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Mothers line up for lunch during the Mothers-to-Bee Social at the Marine Corps Exchange June 15. The social was a service to all mothers to promote programs and services the Combat Center offers new or expectant mothers.::r::::n::

Photo by Pfc. Sarah Anderson

MCCS reaches out to new, expecting mothers with social

18 Jun 2010 | Pfc. Sarah Anderson

In the center of the Marine Corps Exchange, tables were lined up and filled with mothers laughing, eating, socializing and having a great time at the Mothers-to-Bee Social Tuesday.

The goal of the Mothers-to-Bee Social was to provide a little comfort for expecting or new mothers and inform them about what Marine Corps Community Services has to offer, said Lance Lenon, a divisional sales manager for the MCX, and the social’s organizer.

“Out here the women are far away from their families and don’t have a normal social network,” said Terese Westman, the perinatal case manager at the Robert E. Bush Naval Hospital here. “They feel isolated. Spouses can be deployed or involved with heavy training, leaving the mothers to feel like they are going through pregnancy alone.

“There are social events like this to get the girls together and let them know they aren’t alone, and allow them to form friendships,” she added.

MCCS personnel brought in guest speakers to provide information about different parenting and family support programs available at the installation.

Denise Cullum, the family readiness officer for 7th Marine Regiment, said several unit FROs also attend because they play a vital role as the link between Marines’ units and their families.  FROs ensure information from the unit commands reaches families, even while their Marines are deployed.

Westman, briefed the women on pregnancy and post-partum health issues and what to expect during their term.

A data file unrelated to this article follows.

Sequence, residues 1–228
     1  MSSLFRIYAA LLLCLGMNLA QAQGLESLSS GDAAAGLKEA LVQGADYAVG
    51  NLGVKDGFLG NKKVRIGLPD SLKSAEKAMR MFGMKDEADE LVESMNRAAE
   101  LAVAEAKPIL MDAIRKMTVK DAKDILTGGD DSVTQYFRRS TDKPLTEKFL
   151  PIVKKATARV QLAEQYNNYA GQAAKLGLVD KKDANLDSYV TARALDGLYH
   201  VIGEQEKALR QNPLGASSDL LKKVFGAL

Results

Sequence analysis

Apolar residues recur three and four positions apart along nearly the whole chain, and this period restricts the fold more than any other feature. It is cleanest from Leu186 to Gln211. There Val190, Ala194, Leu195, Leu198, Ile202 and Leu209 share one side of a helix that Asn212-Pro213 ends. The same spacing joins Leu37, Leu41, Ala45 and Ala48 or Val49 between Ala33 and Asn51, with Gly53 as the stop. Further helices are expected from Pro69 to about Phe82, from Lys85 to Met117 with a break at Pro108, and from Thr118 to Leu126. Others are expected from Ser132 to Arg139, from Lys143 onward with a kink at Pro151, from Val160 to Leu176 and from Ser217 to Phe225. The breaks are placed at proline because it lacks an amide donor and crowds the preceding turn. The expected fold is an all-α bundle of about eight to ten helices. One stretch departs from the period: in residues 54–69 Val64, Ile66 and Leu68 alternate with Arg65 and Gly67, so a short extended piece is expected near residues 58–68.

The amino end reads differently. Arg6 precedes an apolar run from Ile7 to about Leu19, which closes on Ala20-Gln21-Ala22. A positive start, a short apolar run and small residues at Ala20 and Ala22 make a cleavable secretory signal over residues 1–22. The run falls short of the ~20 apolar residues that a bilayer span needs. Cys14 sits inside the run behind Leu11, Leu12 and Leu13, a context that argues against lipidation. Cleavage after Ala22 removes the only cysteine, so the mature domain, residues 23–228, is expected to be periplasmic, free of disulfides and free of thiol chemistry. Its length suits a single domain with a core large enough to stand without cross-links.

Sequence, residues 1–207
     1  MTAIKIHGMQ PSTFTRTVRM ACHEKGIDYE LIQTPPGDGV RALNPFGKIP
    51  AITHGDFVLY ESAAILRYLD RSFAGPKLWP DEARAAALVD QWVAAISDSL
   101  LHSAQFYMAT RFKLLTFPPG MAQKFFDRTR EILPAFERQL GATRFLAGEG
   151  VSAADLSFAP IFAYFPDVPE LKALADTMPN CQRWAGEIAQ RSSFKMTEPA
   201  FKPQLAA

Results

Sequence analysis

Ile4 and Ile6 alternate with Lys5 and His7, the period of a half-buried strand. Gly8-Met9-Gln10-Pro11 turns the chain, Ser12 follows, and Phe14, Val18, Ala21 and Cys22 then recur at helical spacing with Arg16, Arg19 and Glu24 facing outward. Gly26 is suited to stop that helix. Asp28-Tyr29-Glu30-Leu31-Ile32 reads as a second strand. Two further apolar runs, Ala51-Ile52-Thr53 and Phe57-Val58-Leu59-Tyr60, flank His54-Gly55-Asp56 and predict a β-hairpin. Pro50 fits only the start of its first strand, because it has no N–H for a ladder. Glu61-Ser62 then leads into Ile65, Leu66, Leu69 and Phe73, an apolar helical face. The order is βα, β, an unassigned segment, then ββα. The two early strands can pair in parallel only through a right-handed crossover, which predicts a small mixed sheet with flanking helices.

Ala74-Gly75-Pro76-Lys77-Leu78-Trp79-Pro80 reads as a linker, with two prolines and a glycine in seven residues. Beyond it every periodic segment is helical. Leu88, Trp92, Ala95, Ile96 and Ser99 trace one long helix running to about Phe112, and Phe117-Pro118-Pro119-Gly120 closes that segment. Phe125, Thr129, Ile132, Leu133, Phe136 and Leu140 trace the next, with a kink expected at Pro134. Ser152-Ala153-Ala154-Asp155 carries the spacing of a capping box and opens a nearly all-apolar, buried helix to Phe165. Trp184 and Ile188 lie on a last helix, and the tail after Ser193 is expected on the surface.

Melissa Dowd, a trainer at the East Gym and Fitness Center here, offered more tips on staying healthy and in shape during and after pregnancy with safe workout routines. She also offered nutritional advice for pregnant women.

The women also learned about many MCCS programs.  The Your Cost is Our Cost Program is a nonprofit program which offers merchandise at the same price the MCX paid for it. The Baby and Me Program gives the mother a $10 gift card and discounts to the MCX when she brings her newborn. The Bright Beginnings Program, a childcare program offered on weekdays, was also explained and garnered plenty of interest from attendees.

Other MCCS programs include the New Parenting Support Program, Dad’s Baby Boot Camp for fathers, Mom’s Basic Training and the Exceptional Family Member Program for families with children who have special needs.

The social was very helpful, said Jennifer Billot, a mother who attended the event. “I learned a lot of information I did not know.”

New or expecting mothers are not the only ones who benefit from these services – they are for anyone with a child or who takes care of children, Lenon said.

“This really teaches you how to bring children up. It’s the ABCs of parenting,” he said.

“MCCS has always made it our goal to provide whatever services we can to the active duty family with all of our events,” Stork said. “We want to let them know that we are here for them, we think about them all the time.”

For more information about the programs MCCS offers expectant or new mothers, call 830-6163; the EFMP, call 830-7746, for more information on fitness programs or routines designed for expectant to postpartum mothers, contact the East Gym by calling 830-6440.

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